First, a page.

A post onMoveOn.org, which spearheaded the presidential campaign of Democratic Party Chairman Howard Dean, read: "(I)t's those GREEDY PIGS who own our mainstream media who are placing RELIGION/POLITICS (ISRAEL) and CORPORATE GREED above the best interests of the American people (peace, democracy, clean air, healthcare, etc.). As we've already agreed, most of these GREEDY PIGS are Jewish."
Fifty percent approved of this post. By contrast, only 21% agreed with a post pleading to eschew such "abhorrent anti-Semitic trash."
MUCH MORE significant than the anti-Semitic rantings, however, are the congeries of attitudes that increasingly characterize party leaders, even as they profess strong support for Israel. Those attitudes might be summed up in one word: European.
In the recent Senate hearings on John Bolton's nomination as ambassador to the United Nations, Senator John Kerry, the 2004 Democratic standard-bearer, repeatedly criticized Bolton for the fact that America is consistently the odd man out at the United Nations, and stands outside the consensus of our European "allies."
One shudders to think where Israel would be if the United States ceased to be the "odd man out" at the UN. Recall that six of those so-called European allies, including France, voted in favor of a resolution of the UN Human Rights Commission specifically legitimizing terrorism against Israeli citizens to further Palestinian liberation.
The Democrats' bible, The New York Times, editorialized during the Lebanon War that the Bush administration's refusal to join the Europeans in calling for an immediate cease-fire gave the lie to its professed multilateralism. An early cease-fire would have handed Hizbullah a huge propaganda and moral victory.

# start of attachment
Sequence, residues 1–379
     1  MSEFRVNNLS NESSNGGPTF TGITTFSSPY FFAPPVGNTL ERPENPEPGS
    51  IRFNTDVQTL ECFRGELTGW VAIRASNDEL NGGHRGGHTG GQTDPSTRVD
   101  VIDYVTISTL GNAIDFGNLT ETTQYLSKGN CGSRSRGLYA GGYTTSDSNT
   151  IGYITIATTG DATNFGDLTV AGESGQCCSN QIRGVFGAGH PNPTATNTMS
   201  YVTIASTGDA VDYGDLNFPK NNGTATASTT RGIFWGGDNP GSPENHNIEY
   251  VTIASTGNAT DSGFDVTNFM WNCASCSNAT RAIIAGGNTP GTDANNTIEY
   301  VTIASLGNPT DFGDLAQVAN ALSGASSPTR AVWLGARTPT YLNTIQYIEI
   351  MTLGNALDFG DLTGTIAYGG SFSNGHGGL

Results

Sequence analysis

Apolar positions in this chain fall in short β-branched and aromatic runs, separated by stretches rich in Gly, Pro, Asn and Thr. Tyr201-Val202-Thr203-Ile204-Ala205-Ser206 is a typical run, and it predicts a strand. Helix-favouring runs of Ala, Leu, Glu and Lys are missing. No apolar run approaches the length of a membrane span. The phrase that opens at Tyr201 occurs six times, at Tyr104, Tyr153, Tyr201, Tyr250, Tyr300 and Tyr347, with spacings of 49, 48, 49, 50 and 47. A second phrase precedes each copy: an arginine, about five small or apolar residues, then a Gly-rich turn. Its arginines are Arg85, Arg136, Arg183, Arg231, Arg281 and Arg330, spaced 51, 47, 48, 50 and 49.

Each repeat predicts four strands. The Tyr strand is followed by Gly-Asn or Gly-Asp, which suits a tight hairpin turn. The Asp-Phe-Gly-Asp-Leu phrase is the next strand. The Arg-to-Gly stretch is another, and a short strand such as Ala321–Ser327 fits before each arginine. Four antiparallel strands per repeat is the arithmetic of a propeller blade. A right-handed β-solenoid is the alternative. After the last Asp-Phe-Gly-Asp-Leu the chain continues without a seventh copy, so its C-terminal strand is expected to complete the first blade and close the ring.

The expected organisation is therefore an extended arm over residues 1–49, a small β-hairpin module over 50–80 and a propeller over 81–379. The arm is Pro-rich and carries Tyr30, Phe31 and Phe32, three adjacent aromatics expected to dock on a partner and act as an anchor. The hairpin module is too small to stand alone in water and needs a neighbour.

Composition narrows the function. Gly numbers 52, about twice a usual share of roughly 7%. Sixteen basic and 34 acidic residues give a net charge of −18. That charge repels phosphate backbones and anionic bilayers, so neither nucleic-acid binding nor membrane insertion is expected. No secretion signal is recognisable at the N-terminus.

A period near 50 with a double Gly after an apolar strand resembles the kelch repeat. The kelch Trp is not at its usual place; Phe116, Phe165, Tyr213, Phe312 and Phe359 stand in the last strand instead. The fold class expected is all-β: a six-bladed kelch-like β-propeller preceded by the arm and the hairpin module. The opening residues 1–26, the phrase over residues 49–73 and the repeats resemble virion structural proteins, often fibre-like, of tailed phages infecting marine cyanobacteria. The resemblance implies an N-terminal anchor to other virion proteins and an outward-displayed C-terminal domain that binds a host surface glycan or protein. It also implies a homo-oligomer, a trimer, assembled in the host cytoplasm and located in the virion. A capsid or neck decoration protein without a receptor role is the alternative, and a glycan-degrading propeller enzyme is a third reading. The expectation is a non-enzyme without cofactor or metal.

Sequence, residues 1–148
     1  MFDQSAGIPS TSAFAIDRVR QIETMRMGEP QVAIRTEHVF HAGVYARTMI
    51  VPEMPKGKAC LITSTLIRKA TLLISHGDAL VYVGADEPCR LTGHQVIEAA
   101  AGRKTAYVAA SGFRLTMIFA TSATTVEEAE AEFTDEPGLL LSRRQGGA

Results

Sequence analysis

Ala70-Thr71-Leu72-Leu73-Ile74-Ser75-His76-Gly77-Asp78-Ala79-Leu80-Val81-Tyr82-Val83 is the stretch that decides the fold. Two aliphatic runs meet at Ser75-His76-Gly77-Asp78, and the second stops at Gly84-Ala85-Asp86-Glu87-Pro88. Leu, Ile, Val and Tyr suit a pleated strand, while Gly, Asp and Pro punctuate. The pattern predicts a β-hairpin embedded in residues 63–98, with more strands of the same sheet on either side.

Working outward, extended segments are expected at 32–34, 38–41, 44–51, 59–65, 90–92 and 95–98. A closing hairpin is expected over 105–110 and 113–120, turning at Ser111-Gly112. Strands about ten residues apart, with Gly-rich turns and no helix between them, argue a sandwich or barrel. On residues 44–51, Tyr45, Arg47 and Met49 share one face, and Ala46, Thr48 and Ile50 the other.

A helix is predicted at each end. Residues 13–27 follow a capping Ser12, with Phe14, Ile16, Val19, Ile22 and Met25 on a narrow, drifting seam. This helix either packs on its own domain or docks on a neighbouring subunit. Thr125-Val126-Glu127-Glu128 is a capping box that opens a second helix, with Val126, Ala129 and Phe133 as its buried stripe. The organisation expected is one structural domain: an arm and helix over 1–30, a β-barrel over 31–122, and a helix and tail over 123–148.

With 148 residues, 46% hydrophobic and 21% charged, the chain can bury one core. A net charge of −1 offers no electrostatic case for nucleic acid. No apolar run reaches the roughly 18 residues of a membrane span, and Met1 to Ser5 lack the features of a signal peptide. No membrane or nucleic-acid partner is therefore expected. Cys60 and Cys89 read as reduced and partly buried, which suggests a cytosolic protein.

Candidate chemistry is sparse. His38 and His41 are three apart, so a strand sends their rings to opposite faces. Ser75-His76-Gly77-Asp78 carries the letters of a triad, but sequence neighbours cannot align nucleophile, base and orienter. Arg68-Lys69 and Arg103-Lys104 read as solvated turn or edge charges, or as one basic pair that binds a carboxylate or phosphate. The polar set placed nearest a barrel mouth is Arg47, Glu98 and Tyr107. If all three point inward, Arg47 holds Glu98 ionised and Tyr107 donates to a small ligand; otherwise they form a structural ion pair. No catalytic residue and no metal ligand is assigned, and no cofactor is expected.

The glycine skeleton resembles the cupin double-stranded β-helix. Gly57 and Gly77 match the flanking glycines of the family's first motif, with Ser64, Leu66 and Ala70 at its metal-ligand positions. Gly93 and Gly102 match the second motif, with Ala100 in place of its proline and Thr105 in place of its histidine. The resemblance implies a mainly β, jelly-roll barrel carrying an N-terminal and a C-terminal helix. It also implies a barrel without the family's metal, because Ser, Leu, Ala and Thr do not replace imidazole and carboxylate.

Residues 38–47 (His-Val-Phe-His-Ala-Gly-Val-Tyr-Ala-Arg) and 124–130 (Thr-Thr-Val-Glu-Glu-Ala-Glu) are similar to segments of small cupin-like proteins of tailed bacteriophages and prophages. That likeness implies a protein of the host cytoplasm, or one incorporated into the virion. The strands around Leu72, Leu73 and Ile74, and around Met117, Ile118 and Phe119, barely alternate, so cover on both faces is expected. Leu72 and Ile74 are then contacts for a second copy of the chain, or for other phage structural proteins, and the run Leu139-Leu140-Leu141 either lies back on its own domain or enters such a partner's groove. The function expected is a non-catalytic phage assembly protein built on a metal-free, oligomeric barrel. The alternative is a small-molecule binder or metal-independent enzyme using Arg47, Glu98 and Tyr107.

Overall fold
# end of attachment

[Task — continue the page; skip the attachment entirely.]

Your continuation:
Increasingly the American Left shares with its European counterparts a naive Enlightenment belief that all problems can be solved by rational men sitting around a conference table. In that view, all men are basically interested in increasing their allotment of material goods, and all conflicts can be resolved by slicing the pie slightly differently.
In this happy world, talk is always good, and military action, unless sanctioned by the UN, is always bad. Democrats have long ago cast off the UN skepticism of four-term Democratic Senator and former UN Ambassador Daniel Moynihan. So enamored are they with the idea of the UN that they forget it maintains an entire bureaucracy devoted specifically to anathematizing Israel and portraying the Palestinians as the world's most oppressed people.
Republican Senator Rick Santorum, who seems headed for defeat next week, has taken the lead in labeling Islamofascism the primary threat to Western civilization. Democrats, like the French, disdain such talk of a conflict of civilizations as simplisme, just as they once found risible president Reagan's "Evil Empire" and President Bush's "Axis of Evil."
For Israelis, however, Islamic fanaticism is no joke.
One final question: Which party is more likely to act to prevent Iran from testing the calculus that it can destroy Israel with one nuclear missile, while 15 million Iranians will survive Israel's counter-strike? The Republicans under George W. Bush or the Democrats?